There is a new Star Trek movie coming out in 2009 and many Enterprise fans are not very happy with the newly designed starship.
You'd think once we invented faster than light space travel, we could invent another way to make shapes and objects more beautiful. However, the creation of beauty in design is one area that ancient mathematicians cannot be topped.
Like many fans, I love the original design of the Enterprise just as much as I fear and loath the Next Generation designs. I decided to pull down a blueprint of the original Enterprise and apply Golden Ratio's to see if there was an answer.
I think you'll agree this is "fascinating". We begin with a humble circle.
Duplicate that circle, times it by the Golden ratio. Place the new circle directly on top.
Now, we overlay our circles upon a blueprint of the original Enterprise NCC-1701.
Notice how the smaller circle perfectly encompasses the secondary hull where the larger circle matches primary hull. Therefore, the NCC Enterprise 1701 Primary & Secondary Hull is designed in perfect Golden Ratio. But that is not where the art of sacred geometry stops.
Above is the Enterprise with a Fibonacci spiral overlayed upon it. See how the center point of the booms for the nacelles are directly aligned in golden ratio to the length of the ship. Furthermore, the position of the outer line of the nacelles are defined on the fourth iteration of the Fibonacci rectangle.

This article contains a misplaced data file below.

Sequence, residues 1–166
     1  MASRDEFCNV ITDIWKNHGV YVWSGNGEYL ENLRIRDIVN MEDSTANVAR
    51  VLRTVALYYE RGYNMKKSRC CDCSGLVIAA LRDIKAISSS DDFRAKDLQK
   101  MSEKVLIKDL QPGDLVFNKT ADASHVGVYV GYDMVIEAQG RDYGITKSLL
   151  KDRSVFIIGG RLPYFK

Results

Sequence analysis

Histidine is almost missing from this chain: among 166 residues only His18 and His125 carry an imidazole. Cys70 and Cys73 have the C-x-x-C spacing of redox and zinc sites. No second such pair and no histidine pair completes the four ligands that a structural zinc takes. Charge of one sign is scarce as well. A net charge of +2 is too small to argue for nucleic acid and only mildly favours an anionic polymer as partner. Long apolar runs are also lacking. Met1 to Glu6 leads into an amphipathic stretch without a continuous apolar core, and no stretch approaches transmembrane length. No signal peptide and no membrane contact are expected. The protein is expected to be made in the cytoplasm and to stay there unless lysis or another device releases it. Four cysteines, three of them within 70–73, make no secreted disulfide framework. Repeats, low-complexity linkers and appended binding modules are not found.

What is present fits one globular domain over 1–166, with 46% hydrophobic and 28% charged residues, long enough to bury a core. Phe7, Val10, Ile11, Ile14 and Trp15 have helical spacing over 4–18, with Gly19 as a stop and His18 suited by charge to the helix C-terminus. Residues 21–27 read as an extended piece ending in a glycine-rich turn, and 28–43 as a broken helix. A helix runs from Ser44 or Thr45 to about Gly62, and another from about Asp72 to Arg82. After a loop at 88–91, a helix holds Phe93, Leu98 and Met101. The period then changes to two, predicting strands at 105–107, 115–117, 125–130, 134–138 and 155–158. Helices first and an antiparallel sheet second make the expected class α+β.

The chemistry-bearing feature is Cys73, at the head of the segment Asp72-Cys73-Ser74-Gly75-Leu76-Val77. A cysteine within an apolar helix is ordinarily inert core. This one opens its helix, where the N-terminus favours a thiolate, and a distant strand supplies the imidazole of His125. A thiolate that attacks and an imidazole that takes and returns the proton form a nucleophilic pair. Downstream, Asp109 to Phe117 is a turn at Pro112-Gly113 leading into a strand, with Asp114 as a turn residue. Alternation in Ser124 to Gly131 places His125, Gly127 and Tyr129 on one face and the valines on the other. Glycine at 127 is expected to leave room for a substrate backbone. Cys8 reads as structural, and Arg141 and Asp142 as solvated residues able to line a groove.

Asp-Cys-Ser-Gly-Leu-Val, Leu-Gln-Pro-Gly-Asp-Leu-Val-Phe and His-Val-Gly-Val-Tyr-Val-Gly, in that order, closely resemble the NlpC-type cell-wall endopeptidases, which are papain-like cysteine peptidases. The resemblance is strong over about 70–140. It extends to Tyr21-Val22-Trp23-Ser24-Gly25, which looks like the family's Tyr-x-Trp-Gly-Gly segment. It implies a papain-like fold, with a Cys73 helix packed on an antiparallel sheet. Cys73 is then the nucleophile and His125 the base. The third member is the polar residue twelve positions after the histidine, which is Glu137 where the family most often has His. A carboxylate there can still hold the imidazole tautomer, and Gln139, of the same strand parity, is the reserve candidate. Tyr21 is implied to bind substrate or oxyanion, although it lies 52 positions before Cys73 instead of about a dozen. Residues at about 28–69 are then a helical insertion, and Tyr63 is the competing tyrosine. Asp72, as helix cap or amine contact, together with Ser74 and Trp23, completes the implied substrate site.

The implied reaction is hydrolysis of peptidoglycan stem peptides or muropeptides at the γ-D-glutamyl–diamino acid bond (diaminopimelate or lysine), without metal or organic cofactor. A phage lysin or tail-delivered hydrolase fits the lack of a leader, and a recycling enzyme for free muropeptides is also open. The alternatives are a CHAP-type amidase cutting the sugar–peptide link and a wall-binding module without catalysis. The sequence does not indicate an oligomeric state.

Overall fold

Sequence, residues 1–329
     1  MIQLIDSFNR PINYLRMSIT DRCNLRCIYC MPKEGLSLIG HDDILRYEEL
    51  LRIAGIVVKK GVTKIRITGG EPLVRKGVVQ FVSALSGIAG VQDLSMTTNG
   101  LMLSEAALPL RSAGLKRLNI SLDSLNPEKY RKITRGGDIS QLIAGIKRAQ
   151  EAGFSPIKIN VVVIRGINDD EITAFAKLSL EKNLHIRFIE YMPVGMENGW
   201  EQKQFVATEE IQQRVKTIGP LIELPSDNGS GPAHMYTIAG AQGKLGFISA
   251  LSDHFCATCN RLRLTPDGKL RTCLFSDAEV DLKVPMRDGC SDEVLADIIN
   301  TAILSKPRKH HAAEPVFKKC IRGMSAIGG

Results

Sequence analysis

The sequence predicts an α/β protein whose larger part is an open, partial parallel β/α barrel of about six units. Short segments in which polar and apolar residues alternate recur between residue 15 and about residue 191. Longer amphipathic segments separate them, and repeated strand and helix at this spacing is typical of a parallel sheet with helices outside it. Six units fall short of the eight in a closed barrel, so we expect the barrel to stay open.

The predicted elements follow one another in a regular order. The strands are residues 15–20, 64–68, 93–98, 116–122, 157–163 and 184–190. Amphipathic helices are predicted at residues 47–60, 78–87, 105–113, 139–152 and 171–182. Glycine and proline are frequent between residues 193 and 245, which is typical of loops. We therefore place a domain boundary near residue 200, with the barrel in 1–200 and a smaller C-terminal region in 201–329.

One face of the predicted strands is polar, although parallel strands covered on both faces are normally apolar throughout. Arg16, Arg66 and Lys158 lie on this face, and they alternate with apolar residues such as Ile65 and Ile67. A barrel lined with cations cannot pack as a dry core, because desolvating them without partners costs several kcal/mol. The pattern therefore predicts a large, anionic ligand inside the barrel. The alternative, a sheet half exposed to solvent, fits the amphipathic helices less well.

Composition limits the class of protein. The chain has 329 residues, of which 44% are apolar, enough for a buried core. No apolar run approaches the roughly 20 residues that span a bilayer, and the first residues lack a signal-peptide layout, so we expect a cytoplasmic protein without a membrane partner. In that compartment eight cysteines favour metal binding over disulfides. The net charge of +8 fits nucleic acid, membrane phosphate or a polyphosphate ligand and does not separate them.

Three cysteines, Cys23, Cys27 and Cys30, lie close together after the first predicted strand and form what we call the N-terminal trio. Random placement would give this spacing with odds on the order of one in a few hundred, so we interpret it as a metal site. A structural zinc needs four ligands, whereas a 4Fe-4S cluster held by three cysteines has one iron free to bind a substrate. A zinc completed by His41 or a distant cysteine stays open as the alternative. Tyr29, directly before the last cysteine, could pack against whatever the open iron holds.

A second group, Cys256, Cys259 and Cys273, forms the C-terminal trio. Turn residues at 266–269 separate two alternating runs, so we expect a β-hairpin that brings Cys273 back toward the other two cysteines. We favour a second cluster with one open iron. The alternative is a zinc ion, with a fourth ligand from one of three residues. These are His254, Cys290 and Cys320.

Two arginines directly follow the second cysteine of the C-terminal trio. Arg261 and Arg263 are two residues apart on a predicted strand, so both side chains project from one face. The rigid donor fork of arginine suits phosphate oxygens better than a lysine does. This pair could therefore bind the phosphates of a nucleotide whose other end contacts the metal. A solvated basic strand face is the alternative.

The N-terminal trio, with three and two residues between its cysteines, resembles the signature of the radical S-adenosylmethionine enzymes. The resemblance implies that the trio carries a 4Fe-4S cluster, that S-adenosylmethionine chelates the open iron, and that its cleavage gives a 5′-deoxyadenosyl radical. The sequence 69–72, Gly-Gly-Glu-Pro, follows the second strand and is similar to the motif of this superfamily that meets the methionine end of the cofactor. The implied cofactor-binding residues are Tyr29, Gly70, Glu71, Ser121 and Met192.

Finding Phi ratios in the originally designed NCC 1701 starship is pretty much like shooting fish in a barrel. Since this ratio has long been understood to give visually pleasing shapes, it is no wonder that many fans of the show regard this original design as the most beautiful of the series. The Enterprise featured in the first Star Trek movie was nothing more than a more visually exciting make-over of the original design. By contrast, see how the NCC 1701-D of Star Trek, The Next Generation fits within a Fibonacci Rectangle.
Well, as you can see, it doesn't. Nothing lines up with the Phi ratio of the length of the ship. The primary hull goes well outside the bounds of visually pleasing geometry. I've always felt that this design was uniquely unattractive, and it appears that ancient architects and mathematicians would agree!